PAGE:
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McDermott: Can democracy survive when almost half the country won’t accept facts?

McDermott: Can democracy survive when almost half the country won’t accept facts?

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Comedian Stephen Colbert once observed, “Reality has a well-known liberal bias.” TrumpWorld seems to agree, based on how thoroughly its inhabitants are rejecting the reality of what happened on Nov. 3.

Rejection of reality by the conservative/populist movement has been going on for years regarding other issues, like evolution and climate change. It was how Republicans spread the putrid lie that America’s first Black president was born in Kenya. President Donald Trump took reality-rejection to a deadly new place when he encouraged America to ignore the experts regarding the coronavirus.

Political analysts these days say Americans “cannot agree on basic facts,” as one recent study phrased it. That’s true, but incomplete. Liberal economist Paul Krugman put it best in his classic parable of a debate between scientists and flat-earthers that gets reported under the headline: Views differ on shape of planet. Yes, there is disagreement between two sides, but the crucial point is that one side is factually right and the other is factually wrong.

Evolution is the biological process by which all life develops. Global warming is real and is driven by human activity. Barack Obama was born in Hawaii. The spread of the coronavirus can be limited with social distancing and masks. These are all verifiable facts.

And so are these: Trump decisively lost the Nov. 3 election. Joe Biden won the national popular vote by more than 5 million ballots, garnering a solid electoral-vote majority and wider margins in the battleground states than Trump got last time. By all official accounts, there were no indications of any significant voter fraud.

These aren’t opinions. They’re based on vote returns and public statements from state officials around the country, from both parties. The New York Times last week called election officials in every state and couldn’t find one who reported any systemic fraud at all. Ohio’s Republican secretary of state dismissed the whole issue as “mythology.”

The thing about mythology is, it doesn’t work well in courtrooms. Millions of Trump’s followers may believe his nonsense, and congressional Republicans may pretend to believe it, but judges require, y’know, facts. Trump’s lawyers have been unable to get a foothold in court on any of his baseless allegations. More than one judge has admonished them for wasting the courts’ time.

Trump’s post-election strategies, such as they are, should signal to any sentient adult what horse excrement it all is. Trump’s campaign fervently demanded that the vote counts stop in states where he was leading, while simultaneously demanding the counts continue in states where he was trailing. In practically the same breath, Trump brags about the advances congressional Republicans made in the ballots, then alleges the ballots were fraudulent because Biden won. They are, of course, the same ballots.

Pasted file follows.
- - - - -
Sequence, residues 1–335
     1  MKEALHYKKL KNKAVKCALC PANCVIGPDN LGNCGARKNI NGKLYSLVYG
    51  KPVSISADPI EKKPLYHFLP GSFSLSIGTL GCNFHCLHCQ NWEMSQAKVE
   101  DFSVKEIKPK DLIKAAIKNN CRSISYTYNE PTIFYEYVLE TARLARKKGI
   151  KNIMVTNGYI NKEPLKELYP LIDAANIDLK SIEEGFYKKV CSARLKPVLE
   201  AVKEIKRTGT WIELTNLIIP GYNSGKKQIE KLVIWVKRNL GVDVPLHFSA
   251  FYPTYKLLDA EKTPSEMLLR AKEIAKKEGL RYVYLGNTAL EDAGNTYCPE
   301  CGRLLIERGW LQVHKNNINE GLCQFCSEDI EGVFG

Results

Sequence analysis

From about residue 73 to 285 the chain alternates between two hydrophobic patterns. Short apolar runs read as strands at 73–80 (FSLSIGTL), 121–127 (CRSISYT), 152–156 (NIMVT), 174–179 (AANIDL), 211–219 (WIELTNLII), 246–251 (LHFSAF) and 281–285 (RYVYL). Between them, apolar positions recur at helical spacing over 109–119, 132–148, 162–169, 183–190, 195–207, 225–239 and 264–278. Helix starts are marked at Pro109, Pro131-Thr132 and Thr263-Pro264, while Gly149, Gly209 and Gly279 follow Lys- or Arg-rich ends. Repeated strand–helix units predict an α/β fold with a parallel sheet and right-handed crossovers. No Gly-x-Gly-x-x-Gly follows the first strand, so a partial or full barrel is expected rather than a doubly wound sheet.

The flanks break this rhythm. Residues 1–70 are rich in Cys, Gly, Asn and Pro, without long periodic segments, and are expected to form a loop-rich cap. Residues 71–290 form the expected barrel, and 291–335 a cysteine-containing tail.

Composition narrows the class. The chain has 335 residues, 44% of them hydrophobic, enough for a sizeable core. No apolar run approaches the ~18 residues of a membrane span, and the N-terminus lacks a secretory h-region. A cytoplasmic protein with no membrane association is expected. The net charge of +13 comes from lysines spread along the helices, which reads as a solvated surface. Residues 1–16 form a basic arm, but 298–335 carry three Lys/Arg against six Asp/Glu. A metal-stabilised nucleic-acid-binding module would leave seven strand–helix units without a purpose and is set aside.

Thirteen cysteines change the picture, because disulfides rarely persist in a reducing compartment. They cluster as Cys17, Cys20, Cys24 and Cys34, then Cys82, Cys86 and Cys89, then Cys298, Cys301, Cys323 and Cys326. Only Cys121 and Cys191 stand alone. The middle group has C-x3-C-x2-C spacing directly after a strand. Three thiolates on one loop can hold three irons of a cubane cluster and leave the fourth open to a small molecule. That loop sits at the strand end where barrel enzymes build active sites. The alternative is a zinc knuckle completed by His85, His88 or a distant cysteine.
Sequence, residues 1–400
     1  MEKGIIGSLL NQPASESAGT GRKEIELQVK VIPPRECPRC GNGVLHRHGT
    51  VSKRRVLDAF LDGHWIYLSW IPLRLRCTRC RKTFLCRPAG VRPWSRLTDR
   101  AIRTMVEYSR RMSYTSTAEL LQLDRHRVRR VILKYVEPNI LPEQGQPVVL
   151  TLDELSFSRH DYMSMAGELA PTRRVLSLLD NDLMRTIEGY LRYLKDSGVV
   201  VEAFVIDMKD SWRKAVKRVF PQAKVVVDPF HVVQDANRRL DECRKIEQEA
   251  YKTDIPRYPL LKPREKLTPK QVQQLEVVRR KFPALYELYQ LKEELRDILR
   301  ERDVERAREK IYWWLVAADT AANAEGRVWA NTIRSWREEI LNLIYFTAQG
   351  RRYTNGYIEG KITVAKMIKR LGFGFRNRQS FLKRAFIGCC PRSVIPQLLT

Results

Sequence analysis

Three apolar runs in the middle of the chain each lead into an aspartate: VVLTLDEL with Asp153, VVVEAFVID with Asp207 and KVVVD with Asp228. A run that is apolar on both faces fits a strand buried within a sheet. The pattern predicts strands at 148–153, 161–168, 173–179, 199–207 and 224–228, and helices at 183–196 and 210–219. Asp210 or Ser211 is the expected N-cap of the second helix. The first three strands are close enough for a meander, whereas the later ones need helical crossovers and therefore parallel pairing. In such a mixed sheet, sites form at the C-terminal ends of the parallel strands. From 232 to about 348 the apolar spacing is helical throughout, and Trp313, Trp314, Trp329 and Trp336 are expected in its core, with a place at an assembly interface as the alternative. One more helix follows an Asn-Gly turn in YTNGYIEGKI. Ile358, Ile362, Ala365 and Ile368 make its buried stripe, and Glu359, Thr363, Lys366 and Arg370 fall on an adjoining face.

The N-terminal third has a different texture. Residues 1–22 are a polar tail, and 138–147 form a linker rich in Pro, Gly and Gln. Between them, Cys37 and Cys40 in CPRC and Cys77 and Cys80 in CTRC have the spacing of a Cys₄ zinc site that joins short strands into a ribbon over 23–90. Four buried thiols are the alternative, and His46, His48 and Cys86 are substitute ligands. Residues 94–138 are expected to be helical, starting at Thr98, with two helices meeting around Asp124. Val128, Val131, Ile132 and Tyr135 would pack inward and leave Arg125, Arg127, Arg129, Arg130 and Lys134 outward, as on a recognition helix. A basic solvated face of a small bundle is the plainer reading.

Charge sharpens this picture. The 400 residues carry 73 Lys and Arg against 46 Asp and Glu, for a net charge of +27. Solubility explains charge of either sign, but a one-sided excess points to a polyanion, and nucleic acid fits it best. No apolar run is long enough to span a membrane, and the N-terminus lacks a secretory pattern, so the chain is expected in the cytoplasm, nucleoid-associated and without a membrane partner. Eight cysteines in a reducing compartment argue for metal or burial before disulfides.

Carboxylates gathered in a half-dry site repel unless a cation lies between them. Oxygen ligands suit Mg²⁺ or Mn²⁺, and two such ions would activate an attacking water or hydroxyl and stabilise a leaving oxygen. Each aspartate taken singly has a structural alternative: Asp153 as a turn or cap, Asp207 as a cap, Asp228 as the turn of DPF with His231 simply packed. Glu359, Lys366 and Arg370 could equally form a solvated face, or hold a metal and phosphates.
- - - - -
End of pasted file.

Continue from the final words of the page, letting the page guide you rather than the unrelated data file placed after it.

Shortly before major media outlets reported that Biden had garnered enough electoral votes to win, Trump tweeted what amounts to his entire legal argument for refusing to concede: “I WON THIS ELECTION, BY A LOT!” (I took a screenshot of this eloquent ode to democracy and made it the background on my computer, where it inspires side-splitting reflection.)

If it was just Trump, that would be one thing. We’re used to his self-serving psychosis. And it’s not surprising that most congressional Republicans are obediently promoting his lies. They haven’t put nation ahead of party for the past four years, why start now?

But how is it possible that, according to a poll last week, 70% of the nation’s Republicans believe the election was tainted? Almost three-quarters of the members of a major party, buying into the political equivalent of flat-earth theory. Seven in 10 of them, grievously slandering our democracy without one iota of evidence.

The roots go back to (at least) President George W. Bush. An unnamed Bush official, later identified as top adviser Karl Rove, once bragged to an interviewer that Bush’s critics were stuck in “what we call the reality-based community,” and declared what could stand as the motto for today’s Republican Party: “We create our own reality.”

Rove apparently has rethought that in the ensuing years. In a Wall Street Journal op-ed last week, he warned conservatives that, given the numbers, vote recounts “are unlikely to move a single state from Mr. Biden’s column, and certainly they’re not enough to change the final outcome.” He states plainly there is “no evidence” of systemic fraud.

But the former guru is now a voice in the wilderness. The political right, faced with societal trends that threaten its core convictions, has developed a novel defense mechanism: ignore reality. The election of a Black president has the white Republican base coming out of its skin? Claim he’s foreign-born. Fighting climate change will mean additional costs for industry? Pretend it isn’t happening. Ditto for the pandemic. Trump loses reelection? Back his claims, against all available evidence, that he won. (“BY A LOT!”)

Can democracy survive when almost half the country won’t accept facts? Trump is leaving — hallelujah — but the reality-denying mindset that made his rise possible isn’t going anywhere. That’s the reality we all face now.

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